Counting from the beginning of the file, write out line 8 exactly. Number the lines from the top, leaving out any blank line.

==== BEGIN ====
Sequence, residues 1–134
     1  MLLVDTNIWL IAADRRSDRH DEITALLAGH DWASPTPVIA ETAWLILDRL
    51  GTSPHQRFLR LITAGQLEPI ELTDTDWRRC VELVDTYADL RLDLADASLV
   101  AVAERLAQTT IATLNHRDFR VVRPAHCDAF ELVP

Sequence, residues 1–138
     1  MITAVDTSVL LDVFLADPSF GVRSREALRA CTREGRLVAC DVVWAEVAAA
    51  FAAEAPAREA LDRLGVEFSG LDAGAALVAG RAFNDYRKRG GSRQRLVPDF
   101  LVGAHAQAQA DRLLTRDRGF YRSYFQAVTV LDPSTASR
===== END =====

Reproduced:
   101  LVGAHAQAQA DRLLTRDRGF YRSYFQAVTV LDPSTASR